Bring Your Own Computer is a phrase which over the last year has reared its head quite frequently – but is it just another “Flavour of the Month” or is it “Here to Stay”?
The first week back after Christmas or the Monday after Father’s Day have always been a frightening period for IT and Networking Managers – with everyone from the CEO downwards arrving at work with the latest, shiniest phone or PDA demanding to connect it to the corporate network so they can access their e-mail in the bath or other unlikely locations. Still, it was only two scary days per year. But not anymore. Did you see the queues outside the Apple Store when the iPhone4 or iPad2 came out? And then there are those that Desire a HTC (see what I did there?) or want one of the myriad of Android devices or other tablets that are seemingly being unveiled on a daily basis. Add to this a plethora of NetBooks and Notebooks including various sizes of Macs and we have a huge population explosion of super cool devices. The killer for organisations of course is that every one of these is billions of times better than the archaic steam driven laptop and phone that the typical IT department provides, and after using these hot new 21st century toys at home to read the latest tweets and blogs from our friends (most of whom we’ve never met!), who wants to throw in another few lumps of coal to access email on our dinosaur laptops?
Faced with this barrage of high tech, productivity enhancing, life changing gadgetry… what should the poor IT manager do? Run away? Hide in a cupboard until 2022 when everything will be automatically delivered directly to the brain by retina implants? Stick up the security shutters and block everything that’s not corporately provided? Probably not.
So Mr IT Manager, take a deep breath, and embrace. Think about it. Is it better to ban everything and turn everyone you’ve ever known into mini hackers trying to break into the corporate network to attach their new devices? Or alternatively, could you gain a level of control by allowing mature adults to realise their potential, providing them with the means to connect and use corporate resources and have access to their data? This is where “Bring/Buy Your Own Computer” (or Tablet or Phone) comes into the picture. However, it’s not without its own danger. Acceptable usage policies need to be drawn up to protect not only corporate information but also the individual. I mean, I’d be livid if the IT department wiped out my Angry Birds scores (got all the stars on all the levels and all the bananas, pineapples and nearly all the beach balls in Angry birds Rio) so something needs to be in place both ways. I’d be more than happy to know that the IT department will remotely wipe my device if I lost it, likewise I understand the need for them to be sure I’m not introducing any viruses so I may need to have some kind of security software installed.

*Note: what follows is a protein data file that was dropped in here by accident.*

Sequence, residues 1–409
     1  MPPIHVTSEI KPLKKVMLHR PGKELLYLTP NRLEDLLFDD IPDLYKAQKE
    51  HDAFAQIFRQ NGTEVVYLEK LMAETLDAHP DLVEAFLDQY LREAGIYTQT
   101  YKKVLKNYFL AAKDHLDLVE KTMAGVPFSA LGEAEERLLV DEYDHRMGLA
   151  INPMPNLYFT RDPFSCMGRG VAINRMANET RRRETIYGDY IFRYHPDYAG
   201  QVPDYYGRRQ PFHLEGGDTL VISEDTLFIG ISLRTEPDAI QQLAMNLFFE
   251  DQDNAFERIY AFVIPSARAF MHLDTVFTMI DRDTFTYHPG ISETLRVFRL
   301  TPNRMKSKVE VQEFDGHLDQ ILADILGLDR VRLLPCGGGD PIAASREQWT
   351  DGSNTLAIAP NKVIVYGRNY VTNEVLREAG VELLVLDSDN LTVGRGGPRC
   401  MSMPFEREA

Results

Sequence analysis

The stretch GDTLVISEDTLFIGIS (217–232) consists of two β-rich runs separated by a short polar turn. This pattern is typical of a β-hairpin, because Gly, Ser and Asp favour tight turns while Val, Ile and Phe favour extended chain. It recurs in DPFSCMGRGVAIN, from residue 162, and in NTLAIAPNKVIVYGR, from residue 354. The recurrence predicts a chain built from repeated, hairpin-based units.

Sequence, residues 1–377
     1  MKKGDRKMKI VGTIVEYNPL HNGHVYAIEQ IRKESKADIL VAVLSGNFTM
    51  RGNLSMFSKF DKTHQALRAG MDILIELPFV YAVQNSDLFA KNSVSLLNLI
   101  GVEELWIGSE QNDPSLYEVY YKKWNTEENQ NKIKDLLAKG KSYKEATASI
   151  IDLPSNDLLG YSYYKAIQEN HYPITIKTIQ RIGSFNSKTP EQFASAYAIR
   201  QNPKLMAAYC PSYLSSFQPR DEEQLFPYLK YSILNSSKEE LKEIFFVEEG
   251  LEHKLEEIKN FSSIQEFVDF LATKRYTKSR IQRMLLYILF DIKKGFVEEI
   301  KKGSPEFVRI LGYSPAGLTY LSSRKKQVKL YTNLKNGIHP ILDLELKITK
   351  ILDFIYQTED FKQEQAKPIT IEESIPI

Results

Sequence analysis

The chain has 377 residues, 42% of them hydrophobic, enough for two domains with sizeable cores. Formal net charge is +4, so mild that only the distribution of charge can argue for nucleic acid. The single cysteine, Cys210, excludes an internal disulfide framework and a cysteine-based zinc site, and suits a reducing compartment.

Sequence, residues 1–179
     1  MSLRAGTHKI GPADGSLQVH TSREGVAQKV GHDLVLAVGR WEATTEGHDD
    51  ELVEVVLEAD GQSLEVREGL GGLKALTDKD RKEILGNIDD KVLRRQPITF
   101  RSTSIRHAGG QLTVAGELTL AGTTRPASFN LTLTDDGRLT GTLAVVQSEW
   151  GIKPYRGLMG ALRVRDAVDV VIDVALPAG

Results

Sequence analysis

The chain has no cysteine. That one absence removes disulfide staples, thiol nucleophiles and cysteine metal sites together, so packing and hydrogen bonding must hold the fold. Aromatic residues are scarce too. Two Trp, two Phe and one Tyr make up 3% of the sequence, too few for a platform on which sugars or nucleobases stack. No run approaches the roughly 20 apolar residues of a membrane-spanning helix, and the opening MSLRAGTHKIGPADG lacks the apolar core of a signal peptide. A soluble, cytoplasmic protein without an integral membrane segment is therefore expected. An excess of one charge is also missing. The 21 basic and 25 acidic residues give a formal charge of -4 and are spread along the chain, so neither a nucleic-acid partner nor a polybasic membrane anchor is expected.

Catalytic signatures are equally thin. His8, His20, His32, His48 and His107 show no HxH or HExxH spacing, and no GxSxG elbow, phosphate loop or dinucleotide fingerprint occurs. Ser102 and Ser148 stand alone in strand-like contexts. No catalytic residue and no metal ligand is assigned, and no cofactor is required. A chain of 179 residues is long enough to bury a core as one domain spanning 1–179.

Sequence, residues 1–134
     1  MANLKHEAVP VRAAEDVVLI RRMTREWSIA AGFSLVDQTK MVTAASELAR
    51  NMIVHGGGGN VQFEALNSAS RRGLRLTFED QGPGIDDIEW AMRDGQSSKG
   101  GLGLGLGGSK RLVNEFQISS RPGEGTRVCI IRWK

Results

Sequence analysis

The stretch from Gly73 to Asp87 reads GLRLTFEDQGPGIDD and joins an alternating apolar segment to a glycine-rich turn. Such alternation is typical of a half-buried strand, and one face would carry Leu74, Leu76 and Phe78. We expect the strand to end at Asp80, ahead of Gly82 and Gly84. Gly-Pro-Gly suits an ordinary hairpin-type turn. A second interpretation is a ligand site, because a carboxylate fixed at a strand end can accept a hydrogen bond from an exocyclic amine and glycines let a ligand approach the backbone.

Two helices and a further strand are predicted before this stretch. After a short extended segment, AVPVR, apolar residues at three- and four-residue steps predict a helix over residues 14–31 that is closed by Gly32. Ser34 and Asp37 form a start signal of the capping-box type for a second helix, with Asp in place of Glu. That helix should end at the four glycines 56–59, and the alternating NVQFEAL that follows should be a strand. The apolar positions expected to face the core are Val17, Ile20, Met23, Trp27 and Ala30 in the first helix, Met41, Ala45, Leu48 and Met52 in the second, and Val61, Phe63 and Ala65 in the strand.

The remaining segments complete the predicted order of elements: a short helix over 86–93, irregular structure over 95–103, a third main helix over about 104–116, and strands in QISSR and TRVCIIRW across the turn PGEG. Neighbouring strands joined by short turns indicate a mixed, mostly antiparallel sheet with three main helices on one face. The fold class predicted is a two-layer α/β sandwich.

After all, the company’s most important asset (after me, of course) is its intellectual property and I understand it needs to protect that.
By embracing BYOC, not only would I be a happy camper because I can use what I want, there could also be financial gains for the company as they wouldn’t have to replace my laptop when it finally stops being able to run the latest bloatware apps from some Seattle based software house, or more likely when said software house stops supporting it as it’s at least four generations old anyway. If I’m willing to pay for hardware myself, then why not let me? It’s one less expense for the company and as we’ve already established, I’m more likely to purchase something with far more power then the company would and therefore easily capable of running any work related apps. If the IT department wanted to be certain, then it could provide a minimum specification.
One area that still needs a bit of work though is that of support. The IT department’s nirvana has always been to strive for a single common operating environment or standard build. In reality though, does this really happen? Due to changes over time in both hardware and software, operating environments usually mutate into several different builds and becomes increasingly harder to support. Having to support a standard set of corporate applications running on what could be an almost infinite spread of operating systems and hardware platforms might be considered almost impossible. So what can we do about this? Well, one possible solution to is VDI (which isn’t a new sexually transmitted disease) – Virtual Desktop Infrastructure. VDI allows corporate applications (and data) to live on a virtualised/consolidated server environment that can be accessed by the end device on-demand. These applications are often designed to run within a web browser so in theory as long as your super shiny mega device has a browser, you can run the apps. It will also save all the data remotely, which helps improve security. This will of course put a reasonable amount of extra strain on the network so organisations may have to look into upgrading their datacentre network or consider technologies like WAN Optimisation (making important stuff like yours go faster, in non geek speak).
So to summarise, shiny new stuff will keep coming out and there will always be demand for companies to allow their employees to use these on the corporate network. The best approach, in my humble opinion, is for companies to embrace this, call it BYOC or some other clever acronym and sort out the necessary security, back-end infrastructure and support to properly enable this.
Right. Time to form an orderly queue for the iPhone5…
Head of Solutions
Dimension Data United Kingdom
Contact Chris Knowles